Letter from the Director
The American people trust CDC to ensure their health, safety, and security. That trust is reflected in Pew Research data that year after year ranks CDC as one of the most trusted federal agencies in the U.S.
A commitment to rigorous science and a willingness to take risks to stop health threats may explain in part why Americans are confident in our ability to keep them safe. In 2015, CDC fought dangerous diseases on many fronts. As we ended the Ebola epidemic in West Africa, our disease detectives and staff confronted outbreaks of chikungunya, dengue fever, foodborne illnesses, healthcare-associated infections, monkeypox, Rocky Mountain spotted fever, rabies, and even plague. In each case, CDC had boots on the ground to quickly identify the threat and minimize the impact.
We are experts at handling some of the world’s most dangerous infectious, chemical, biological, and environmental threats. And when we uncovered concerns in our laboratories, we openly reported them and rapidly improved safety and quality. We’ve spread best practices, expanded biosafety training, enhanced our laboratory incident reporting process, developed a new electronic specimen inventory system, installed secondary verification cameras, inventoried more than 7 million samples, and, perhaps most importantly, developed new ways to share what we’ve learned with other laboratories. In 2015, we created the Office of the Associate Director for Laboratory Science and Safety. The office develops and coordinates all laboratory safety and quality management programs across CDC to ensure all of our laboratories meet the highest standards. In addition, CDC established the Laboratory Leadership Service (LLS), a 2-year program analogous to the Epidemic Intelligence Service for developing future laboratory leaders.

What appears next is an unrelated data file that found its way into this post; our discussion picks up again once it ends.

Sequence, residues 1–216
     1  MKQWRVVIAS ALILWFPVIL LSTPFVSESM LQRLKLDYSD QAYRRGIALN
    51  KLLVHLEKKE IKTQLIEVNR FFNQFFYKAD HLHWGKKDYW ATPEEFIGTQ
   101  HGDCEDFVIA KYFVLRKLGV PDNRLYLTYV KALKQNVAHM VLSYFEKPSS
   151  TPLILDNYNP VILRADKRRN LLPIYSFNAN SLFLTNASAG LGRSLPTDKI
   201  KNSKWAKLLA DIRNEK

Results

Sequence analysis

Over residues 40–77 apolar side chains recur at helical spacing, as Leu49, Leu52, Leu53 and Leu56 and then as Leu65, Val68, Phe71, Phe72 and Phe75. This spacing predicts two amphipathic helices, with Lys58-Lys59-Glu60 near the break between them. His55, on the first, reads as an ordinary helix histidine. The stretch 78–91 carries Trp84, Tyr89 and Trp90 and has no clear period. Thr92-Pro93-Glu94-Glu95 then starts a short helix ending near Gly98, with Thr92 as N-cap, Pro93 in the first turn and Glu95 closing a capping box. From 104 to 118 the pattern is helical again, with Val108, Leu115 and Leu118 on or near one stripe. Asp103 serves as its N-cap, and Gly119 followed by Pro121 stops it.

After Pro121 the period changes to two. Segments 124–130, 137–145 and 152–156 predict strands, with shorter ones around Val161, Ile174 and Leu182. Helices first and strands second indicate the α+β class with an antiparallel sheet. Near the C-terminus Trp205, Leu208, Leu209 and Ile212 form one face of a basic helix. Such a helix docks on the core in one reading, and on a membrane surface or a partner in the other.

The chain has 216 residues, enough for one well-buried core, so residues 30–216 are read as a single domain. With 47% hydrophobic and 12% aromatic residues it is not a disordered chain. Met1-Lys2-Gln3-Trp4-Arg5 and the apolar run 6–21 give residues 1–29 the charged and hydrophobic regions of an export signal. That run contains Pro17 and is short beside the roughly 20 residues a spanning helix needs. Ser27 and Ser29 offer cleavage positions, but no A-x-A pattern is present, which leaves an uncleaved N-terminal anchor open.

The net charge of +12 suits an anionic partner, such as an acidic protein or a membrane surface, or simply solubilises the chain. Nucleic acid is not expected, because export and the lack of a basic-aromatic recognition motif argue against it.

In 2016, CDC faces a new threat - the Zika virus. We must move quickly to change the course of this epidemic. There is still much more we must learn about the virus to stop its spread.
CDC is the frontline of health defense for Americans. We remain committed to keeping our work for the public’s health on the cutting edge to ensure America stays safe.
Tom Frieden, MD, MPH
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- Page last reviewed: September 16, 2016
- Page last updated: September 16, 2016
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